According to democracy expert Larry Diamond “between 2000 and 2015, democracy broke down in 27 countries, while many existing authoritarian regimes have become even less open, transparent, and responsive to their citizens.”
Across the United Kingdom, Canada, Australia and New Zealand, total voter participation continues to decrease in both local and central government.
Young people in particular are not voting, and not weeping about it either.
But for minorities, for women, and for postcolonial countries, real blood and sweat has been spent in achieving the right to vote.
So is it OK to get to Peak Vote?
Perhaps, if there’s a better model.
Facebook now has 1.7 billion users and is tracking towards 2 billion, out of a total roughly of 7 billion people. WeChat already has nearly 800 million. Facebook has surpassed voter participation by any single government in the world.
And before you say, Facebook and Twitter and WeChat are just perpetually manipulating us with all their corporate corporation stuff (See America: World Police, and the Film Actors Guild sequence), let’s look at the deeper principle of strengthening and expressing our autonomy, and reforming society.
Is it really worse, when registering to vote, to lose our information to our government than to a corporation? Does it make you feel any safer? (For the record, I’m not on Facebook, and I vote in everything. Which just makes me old, and odd). When we vote does anyone except a politician really know how it’s going to affect our people and our lives and our experiences?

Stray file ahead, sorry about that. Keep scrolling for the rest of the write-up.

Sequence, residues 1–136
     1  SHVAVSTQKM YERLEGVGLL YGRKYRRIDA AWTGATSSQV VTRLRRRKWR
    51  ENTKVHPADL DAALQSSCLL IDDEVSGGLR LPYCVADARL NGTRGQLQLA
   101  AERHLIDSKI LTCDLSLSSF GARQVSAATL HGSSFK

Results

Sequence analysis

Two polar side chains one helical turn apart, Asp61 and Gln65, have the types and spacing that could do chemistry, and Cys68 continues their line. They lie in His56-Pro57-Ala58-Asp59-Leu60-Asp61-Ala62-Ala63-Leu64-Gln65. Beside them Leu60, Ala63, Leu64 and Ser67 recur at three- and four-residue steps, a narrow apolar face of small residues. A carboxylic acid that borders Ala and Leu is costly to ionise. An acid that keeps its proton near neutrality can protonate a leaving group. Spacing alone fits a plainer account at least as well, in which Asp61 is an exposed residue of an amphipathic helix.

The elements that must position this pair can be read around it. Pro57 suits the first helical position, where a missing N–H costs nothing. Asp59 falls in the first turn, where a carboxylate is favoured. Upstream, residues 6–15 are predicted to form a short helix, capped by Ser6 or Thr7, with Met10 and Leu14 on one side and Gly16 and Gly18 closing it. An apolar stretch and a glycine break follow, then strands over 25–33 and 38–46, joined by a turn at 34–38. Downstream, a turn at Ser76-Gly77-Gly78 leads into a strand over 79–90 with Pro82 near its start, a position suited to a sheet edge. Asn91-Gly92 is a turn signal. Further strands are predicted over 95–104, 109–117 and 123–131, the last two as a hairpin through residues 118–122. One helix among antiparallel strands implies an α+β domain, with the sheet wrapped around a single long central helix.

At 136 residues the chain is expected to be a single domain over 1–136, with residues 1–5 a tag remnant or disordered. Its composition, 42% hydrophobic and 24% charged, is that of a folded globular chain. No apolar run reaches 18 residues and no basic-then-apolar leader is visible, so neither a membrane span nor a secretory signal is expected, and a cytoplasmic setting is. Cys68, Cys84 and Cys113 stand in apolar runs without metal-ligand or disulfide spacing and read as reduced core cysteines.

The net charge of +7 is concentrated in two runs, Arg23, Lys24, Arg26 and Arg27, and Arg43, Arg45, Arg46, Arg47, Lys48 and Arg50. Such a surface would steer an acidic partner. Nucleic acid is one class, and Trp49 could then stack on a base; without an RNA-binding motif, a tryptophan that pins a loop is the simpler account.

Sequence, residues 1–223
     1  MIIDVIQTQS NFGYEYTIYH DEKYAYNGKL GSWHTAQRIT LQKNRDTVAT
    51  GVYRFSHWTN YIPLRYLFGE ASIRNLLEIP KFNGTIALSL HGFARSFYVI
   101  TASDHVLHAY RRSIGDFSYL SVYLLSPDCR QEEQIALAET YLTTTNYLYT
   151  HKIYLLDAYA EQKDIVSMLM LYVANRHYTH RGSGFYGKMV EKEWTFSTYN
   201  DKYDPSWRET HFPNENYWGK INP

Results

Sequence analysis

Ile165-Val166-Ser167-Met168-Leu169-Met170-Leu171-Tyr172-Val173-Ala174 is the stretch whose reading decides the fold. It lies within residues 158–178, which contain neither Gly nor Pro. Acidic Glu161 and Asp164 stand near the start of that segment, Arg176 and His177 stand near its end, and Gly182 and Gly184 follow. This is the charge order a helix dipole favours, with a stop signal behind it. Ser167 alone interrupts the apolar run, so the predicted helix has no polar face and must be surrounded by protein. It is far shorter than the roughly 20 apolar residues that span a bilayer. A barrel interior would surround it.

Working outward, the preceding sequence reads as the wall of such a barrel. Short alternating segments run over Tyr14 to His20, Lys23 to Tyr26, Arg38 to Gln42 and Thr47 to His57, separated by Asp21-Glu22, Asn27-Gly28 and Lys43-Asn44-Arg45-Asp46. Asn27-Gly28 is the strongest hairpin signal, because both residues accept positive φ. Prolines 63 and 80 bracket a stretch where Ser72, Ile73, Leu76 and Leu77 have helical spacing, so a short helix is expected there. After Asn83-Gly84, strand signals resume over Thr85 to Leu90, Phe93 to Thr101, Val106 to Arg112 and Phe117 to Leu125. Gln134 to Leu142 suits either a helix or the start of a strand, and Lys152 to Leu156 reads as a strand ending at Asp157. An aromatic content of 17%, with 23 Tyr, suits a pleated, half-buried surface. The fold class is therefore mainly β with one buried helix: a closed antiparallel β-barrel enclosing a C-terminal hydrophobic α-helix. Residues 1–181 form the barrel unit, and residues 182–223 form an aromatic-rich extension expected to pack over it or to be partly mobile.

Facebook and democracy work on entirely different principles.
Facebook (et al) is based on free association. You join or decline to join. It’s based on you contributing what you know best: your actions, your ideas, with your people. It builds as much interaction as you like. Comparing Facebook to democratic voting is like comparing a 7-geared Camaro to a slingshot. Slingshots just give you one shot, which you then reload. The Camaro is a machine in which you have full reflexive command over its speed, direction, and ratios.
You also form networks and coalitions. A fully involved, evolving and cooperative process occurs. This, not voting, is the basis for society itself.
I betcha you’ve had more productive conversations about policy and politics just on this little site than you’ve had in your analogue lifetime in a hall with some grumpy numpty railing on about The World Today I Mean Young People, Really, Civics Lessons Would Fix Them.
Facebook (et al) lets you effectively vote over your realm, with the people important to you, every hour of the day if you want.
The problems with voting-based democracy include: parties who decide policy from a handful of members, moronic politicians who too often become populist tyrants, and of course, the tyranny of the 51% majority. With Brexit and Trump and Erdogan and all manner of other nut-jobs rising via the vote, one could be given pause about voting.
I’m not proposing doing away with vote-based elections from citizens. Put your smelling salts away, my brethren and sistren. Except for participation itself, MMP has definitely improved things here anyway.
But the gyre is turning. Participation in society is changing. We don’t have to confuse Brexit etc with the decline of a liberal world order and reaching a humane limit to democracy. But we can safely and effectively look elsewhere for the renewal of the expression of how we form, sustain and re-form society itself. And that may be by means other than voting.